Fed­eral shut­down sets record as long­est in U.S. his­tory

San Francisco Chronicle (Sunday) - - NATION - By Jonathan Lemire, Lisa Mas­caro, Jill Colvin and Dar­lene Su­perville Jonathan Lemire, Lisa Mas­caro, Jill Colvin and Dar­lene Su­perville are As­so­ci­ated Press writ­ers.

WASH­ING­TON — As the par­tial gov­ern­ment shut­down slipped into the record books Satur­day as the long­est ever, mem­bers of Congress were out of town, no ne­go­ti­a­tions were sched­uled, and Pres­i­dent Trump tweeted into the void.

He did not tip his hand on whether he will move ahead with an emer­gency dec­la­ra­tion that could break the im­passe, free up money for his wall with­out con­gres­sional ap­proval and kick off le­gal chal­lenges and a po­lit­i­cal storm over the use of that ex­tra­or­di­nary step. A day ear­lier, he said he was not ready to do it “right now.”

Law­mak­ers are due back in Wash­ing­ton from their states and con­gres­sional dis­tricts in the new week.

Trump fired off a series of tweets push­ing back against the no­tion that he doesn’t have a strategy to end what be­came the long­est gov­ern­ment shut­down in U.S. his­tory when it en­tered its 22nd day Satur­day. “Elec­tions have con­se­quences!” he de­clared, mean­ing the 2016 elec­tion in which “I promised safety and se­cu­rity” and, as part of that, a bor­der wall.

But there was an­other elec­tion, in Novem­ber, and the con­se­quence of that is Demo­cratic con­trol of the House. They refuse to give Trump money for the wall.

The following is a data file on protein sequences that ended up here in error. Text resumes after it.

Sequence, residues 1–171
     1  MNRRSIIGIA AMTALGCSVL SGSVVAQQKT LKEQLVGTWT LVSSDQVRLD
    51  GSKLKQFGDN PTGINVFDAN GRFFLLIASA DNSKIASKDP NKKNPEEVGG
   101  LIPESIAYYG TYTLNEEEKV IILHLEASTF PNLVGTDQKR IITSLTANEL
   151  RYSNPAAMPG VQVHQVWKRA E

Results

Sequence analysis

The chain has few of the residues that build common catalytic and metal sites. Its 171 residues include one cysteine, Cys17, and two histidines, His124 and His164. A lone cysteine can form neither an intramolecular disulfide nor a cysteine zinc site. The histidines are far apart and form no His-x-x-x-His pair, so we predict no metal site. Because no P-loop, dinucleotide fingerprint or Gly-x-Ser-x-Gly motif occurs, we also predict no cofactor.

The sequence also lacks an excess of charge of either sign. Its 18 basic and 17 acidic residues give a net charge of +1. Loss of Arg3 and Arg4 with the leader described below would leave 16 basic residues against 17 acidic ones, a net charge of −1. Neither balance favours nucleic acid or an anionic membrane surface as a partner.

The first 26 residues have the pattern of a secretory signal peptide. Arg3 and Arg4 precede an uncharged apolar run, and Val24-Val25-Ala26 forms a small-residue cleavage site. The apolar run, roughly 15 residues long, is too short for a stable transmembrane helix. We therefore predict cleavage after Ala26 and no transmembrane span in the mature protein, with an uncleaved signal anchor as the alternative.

Trump says he will sign leg­is­la­tion that has been passed by Congress to pro­vide back pay for some 800,000 fed­eral work­ers who aren’t be­ing paid dur­ing the shut­down. Pay­checks were due Fri­day, but many work­ers re­ceived stubs with ze­roes.

An emer­gency dec­la­ra­tion by Trump could break the stale­mate by let­ting him use ex­ist­ing, un­spent money to build the bor­der wall, with­out need­ing con­gres­sional ap­proval. Democrats op­pose that step but may be un­able to stop it. Many Repub­li­cans are wary, too.

Nev­er­the­less the ad­min­is­tra­tion has ac­cel­er­ated plan­ning for it. Of­fi­cials ex­plored di­vert­ing money from a range of ac­counts, in­clud­ing $13.9 bil­lion given to the Army Corps of En­gi­neers af­ter last year’s deadly hur­ri­canes and floods. That op­tion ap­peared to lose steam af­ter an out­cry.

Other pos­si­bil­i­ties in­cluded tap­ping as­set for­fei­ture funds, such as money seized from drug king­pins, ac­cord­ing to a con­gres­sional Repub­li­can not au­tho­rized to speak pub­licly about pri­vate con­ver­sa­tions. The White House also was eye­ing mil­i­tary con­struc­tion money, an­other po­lit­i­cally dif­fi­cult choice be­cause it would take away from a back­log of hun­dreds of projects.

Trump has been coun­seled by out­side ad­vis­ers to move to­ward declar­ing a na­tional emer­gency for the “cri­sis” that he says ex­ists at the south­ern bor­der. But some in the White House are try­ing to ap­ply the brakes. Jared Kush­ner was among those op­posed to the dec­la­ra­tion, ar­gu­ing to his father-in-law that pur­su­ing a broader im­mi­gra­tion deal was a bet­ter op­tion.

Bren­dan Smialowski / AFP / Getty Im­ages

A worker cleans a foun­tain on the grounds of the White House on the 22nd day of the par­tial gov­ern­ment shut­down.

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